Without access to the sun’s rays, parrots become unhappy and unhealthy.
Parrots use sunshine to make vitamin D3, which is vital for calcium absorption. In turn, calcium promotes bone and muscle strength and good reproductive health. Sunlight also keeps parrots’ feathers clean and parasite-free, and exposure to sunlight improves sleep.
When letting your parrot enjoy the sun, ensure that shade is always available. Also, if you’re using artificial light to replace natural sunlight, it must be a specific type of UV light.
Is Sun Good for Parrots?
Sunshine is undisputedly good for parrots. You only need to look at a parrot in its wild habitat to determine that sunlight is good for parrots.
Most parrots originate from South America, Africa, or Australia, where the sun is very hot, and there are plenty of hours of sunlight each day.
Sunlight is so good for parrots because it helps them to generate vitamin D3.
According to Science Direct, parrots release sebum via their uropygial gland, which contains Vitamin D precursors. This sebum is released onto their feathers.
Then, when the sun shines on this sebum, it converts its precursor to vitamin D3, and the parrot ingests vitamin D3 by preening itself.
Here are the most significant benefits of sunlight for parrots:
Sunlight is essential for parrots because it helps them absorb calcium. Calcium is a vital mineral in which pet parrots, especially African Greys, are often deficient.
When sunlight is absorbed into the parrot’s feathers, it is converted into vitamin D3 and ingested through preening. According to Research Gate, vitamin D3 regulates the absorption and excretion of calcium and phosphorous.
In a parrot’s diet, the ratio of calcium to phosphorus should be about 2:1. Unfortunately, some pet parrots don’t get enough calcium, creating an imbalance.
For example, a seed-rich diet contains little calcium and lots of phosphorus. Also, the imbalance will deteriorate further if vitamin D3 (from the sun) is lacking.
The worst-case scenario would be a pet parrot fed a seed-rich diet and not exposed to sunlight. These types of birds will likely have a calcium deficiency.
Giving your parrot enough sunlight (and a good diet) will protect against nutrient deficiencies.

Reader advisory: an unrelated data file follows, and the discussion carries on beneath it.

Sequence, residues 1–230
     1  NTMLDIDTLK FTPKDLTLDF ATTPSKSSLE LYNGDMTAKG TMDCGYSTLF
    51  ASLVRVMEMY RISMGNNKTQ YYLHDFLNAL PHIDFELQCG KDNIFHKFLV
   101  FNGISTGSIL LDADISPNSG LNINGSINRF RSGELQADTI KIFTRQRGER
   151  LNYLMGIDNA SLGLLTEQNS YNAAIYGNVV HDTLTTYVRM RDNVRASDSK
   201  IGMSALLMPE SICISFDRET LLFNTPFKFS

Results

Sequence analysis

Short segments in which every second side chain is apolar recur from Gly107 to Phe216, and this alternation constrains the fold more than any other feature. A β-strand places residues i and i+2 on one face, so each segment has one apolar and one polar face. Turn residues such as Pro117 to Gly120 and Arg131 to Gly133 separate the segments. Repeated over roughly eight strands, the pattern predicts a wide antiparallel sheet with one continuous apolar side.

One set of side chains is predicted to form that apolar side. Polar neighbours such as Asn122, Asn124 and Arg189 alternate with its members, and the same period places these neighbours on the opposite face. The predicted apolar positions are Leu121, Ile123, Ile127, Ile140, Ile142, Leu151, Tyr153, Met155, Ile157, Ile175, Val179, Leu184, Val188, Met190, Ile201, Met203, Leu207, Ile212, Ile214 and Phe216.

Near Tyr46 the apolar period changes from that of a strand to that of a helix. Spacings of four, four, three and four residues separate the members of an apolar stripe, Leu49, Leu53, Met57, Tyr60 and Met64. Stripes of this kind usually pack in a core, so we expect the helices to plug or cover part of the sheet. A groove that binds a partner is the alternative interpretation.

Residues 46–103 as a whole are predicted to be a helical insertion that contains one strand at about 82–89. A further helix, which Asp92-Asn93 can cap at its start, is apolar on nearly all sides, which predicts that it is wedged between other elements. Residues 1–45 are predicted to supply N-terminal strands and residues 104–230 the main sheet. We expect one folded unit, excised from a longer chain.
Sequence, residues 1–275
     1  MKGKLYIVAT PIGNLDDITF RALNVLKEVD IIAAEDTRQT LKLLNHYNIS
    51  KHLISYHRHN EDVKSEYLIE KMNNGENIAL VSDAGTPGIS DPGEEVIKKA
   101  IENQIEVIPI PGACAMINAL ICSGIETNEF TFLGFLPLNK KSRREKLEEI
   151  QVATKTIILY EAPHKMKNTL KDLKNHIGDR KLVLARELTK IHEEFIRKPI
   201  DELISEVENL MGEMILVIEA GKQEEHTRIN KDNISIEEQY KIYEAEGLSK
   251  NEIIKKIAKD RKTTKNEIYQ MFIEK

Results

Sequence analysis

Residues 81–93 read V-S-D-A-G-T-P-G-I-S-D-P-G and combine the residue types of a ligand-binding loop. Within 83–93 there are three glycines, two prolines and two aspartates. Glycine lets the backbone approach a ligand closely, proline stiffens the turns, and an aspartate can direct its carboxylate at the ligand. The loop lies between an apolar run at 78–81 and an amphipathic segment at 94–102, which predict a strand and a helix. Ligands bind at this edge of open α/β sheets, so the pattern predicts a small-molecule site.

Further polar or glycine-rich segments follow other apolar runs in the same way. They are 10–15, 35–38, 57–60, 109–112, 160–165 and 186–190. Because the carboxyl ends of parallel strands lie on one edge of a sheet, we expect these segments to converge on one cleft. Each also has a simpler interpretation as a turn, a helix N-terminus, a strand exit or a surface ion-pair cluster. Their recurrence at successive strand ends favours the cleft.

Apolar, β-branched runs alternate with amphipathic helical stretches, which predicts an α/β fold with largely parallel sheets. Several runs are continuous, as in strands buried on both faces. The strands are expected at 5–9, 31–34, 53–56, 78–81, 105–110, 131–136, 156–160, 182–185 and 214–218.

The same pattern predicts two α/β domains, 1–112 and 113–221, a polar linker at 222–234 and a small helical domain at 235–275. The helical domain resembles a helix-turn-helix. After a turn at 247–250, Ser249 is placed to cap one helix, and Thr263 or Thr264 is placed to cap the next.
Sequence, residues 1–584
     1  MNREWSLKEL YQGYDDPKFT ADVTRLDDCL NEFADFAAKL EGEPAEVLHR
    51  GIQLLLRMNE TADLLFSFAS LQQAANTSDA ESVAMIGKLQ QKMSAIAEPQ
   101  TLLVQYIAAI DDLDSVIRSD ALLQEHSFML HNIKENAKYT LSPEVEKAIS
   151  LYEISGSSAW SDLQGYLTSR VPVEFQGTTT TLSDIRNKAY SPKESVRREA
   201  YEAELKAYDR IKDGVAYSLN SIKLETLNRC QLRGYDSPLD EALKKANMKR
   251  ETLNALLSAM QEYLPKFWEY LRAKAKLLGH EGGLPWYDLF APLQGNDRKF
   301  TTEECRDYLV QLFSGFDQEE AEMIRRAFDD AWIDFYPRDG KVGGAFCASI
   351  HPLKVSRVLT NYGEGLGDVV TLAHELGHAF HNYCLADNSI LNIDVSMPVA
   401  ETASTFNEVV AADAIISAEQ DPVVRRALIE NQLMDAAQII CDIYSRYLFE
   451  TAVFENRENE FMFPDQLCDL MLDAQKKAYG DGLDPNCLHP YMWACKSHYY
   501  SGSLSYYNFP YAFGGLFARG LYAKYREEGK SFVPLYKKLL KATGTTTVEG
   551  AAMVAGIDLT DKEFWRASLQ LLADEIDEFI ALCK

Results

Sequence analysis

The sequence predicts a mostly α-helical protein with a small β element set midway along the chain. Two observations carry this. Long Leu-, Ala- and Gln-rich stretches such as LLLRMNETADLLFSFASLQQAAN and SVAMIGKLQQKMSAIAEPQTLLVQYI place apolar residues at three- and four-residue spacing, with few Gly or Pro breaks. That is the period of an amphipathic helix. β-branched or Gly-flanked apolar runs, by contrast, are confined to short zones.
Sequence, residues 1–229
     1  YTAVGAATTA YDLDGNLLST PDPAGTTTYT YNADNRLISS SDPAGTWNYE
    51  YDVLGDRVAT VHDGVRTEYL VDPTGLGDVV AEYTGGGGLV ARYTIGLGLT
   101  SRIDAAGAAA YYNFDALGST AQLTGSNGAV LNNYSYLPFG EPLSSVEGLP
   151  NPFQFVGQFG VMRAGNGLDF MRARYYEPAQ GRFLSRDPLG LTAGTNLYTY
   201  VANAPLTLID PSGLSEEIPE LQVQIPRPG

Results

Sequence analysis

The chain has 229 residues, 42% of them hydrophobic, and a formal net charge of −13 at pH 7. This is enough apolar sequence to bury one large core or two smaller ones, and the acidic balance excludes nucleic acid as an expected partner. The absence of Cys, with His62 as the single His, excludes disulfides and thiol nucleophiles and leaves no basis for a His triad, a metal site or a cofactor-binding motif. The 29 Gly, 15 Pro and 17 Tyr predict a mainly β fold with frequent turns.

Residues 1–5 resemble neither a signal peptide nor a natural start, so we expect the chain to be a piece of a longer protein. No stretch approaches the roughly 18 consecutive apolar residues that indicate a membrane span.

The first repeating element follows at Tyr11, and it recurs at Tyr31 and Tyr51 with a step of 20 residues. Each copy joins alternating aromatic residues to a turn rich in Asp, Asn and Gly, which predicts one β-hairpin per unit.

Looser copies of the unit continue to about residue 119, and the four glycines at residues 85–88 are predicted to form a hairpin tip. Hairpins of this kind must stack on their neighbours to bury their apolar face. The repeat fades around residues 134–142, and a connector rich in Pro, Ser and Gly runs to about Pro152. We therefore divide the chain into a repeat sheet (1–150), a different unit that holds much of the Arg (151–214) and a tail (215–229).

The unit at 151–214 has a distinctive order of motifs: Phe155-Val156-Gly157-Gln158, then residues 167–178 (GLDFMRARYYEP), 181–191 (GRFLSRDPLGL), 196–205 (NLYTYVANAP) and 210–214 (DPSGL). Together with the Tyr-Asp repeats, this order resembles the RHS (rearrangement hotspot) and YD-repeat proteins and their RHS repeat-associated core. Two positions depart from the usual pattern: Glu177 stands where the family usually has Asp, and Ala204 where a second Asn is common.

Calcium is needed for strong and healthy bones.
Juvenile parrots need enough calcium to prevent a condition called osteodystrophy. According to BSAVA, osteodystrophy is essentially the malfunctioning of bones.
Sunlight also helps to prevent osteoporosis (fragile bones) in breeding parrots.
Regarding breeding, sunlight helps prevent egg binding (dystocia). According to VCA hospitals, egg binding is when a female parrot can’t release her clutch of eggs, which can be fatal.
Why does sunlight help to prevent egg binding? Sunlight boosts the parrot’s vitamin D3, which is necessary for creating healthy eggs. This means they’ll no longer be weak and misshapen.
Also, vitamin D3 and calcium promote muscle strength and tone, allowing a female parrot to expel eggs from her cloaca more easily.
Sunning keeps the feathers clean and healthy. According to Royal Society Publishing, UVA/B rays and the heat of the sun can kill some ectoparasites, insects, and their larvae.
Even if the sun doesn’t kill the insects directly, it might encourage them to move around on the parrot’s feathers. This makes it easier for the parrot to peck away at these unwelcome visitors.
In any case, the sun prompts parrots to groom and preen themselves. So, if your parrot’s feathers look worn, some sun exposure will be beneficial.
Vitamin D3 (from sunshine) is vital for a healthy immune system. Indeed, a female breeding parrot needs to get enough sunlight during pregnancy.
The vitamin D she obtains from the sun will help her to produce a hormonal compound called calcitriol. Calcitriol is needed for her chicks to develop strong immune systems.
Sleep And Behavior
Access to natural light during the day (and darkness at night) helps maintain a healthy circadian rhythm. If a parrot has some natural sunlight during the day, it’ll sleep better at night.